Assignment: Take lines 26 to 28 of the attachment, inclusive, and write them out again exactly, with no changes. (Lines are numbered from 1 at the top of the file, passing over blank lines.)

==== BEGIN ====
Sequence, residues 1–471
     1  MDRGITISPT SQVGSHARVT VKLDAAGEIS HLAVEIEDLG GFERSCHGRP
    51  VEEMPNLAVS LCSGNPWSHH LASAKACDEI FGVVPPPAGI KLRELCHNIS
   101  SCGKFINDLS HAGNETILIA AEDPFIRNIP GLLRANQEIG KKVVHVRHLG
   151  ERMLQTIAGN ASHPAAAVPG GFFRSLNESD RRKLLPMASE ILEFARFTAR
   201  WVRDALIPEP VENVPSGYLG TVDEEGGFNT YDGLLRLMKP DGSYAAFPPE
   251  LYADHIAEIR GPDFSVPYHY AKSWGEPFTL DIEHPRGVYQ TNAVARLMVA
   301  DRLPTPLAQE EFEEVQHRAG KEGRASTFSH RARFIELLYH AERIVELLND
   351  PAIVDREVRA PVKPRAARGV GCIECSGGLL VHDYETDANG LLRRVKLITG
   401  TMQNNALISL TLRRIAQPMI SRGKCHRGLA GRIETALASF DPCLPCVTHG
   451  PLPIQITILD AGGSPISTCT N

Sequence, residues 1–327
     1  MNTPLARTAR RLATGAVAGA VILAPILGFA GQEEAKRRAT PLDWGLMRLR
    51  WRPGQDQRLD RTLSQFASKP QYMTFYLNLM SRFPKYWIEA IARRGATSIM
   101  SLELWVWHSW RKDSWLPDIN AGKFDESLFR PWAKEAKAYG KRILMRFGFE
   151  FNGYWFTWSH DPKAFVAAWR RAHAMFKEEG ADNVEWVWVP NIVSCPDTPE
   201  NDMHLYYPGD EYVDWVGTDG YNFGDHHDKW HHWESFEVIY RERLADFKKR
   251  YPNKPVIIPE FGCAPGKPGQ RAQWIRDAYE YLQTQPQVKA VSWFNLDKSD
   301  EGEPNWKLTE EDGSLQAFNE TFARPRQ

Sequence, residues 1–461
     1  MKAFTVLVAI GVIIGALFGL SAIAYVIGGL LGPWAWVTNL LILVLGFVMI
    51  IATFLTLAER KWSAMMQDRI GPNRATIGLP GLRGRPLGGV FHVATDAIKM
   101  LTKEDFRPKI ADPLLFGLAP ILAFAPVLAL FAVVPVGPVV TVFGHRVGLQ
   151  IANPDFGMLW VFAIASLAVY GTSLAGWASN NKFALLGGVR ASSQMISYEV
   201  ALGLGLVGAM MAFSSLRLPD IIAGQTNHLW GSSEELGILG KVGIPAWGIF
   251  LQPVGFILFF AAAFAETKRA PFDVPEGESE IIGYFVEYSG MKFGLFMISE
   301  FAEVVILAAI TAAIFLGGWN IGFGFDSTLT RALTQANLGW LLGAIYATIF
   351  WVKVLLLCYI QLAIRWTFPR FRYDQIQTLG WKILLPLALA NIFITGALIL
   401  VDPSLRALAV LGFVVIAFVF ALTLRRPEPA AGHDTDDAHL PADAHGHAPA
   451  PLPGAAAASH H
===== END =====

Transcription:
   251  LQPVGFILFF AAAFAETKRA PFDVPEGESE IIGYFVEYSG MKFGLFMISE
   301  FAEVVILAAI TAAIFLGGWN IGFGFDSTLT RALTQANLGW LLGAIYATIF
   351  WVKVLLLCYI QLAIRWTFPR FRYDQIQTLG WKILLPLALA NIFITGALIL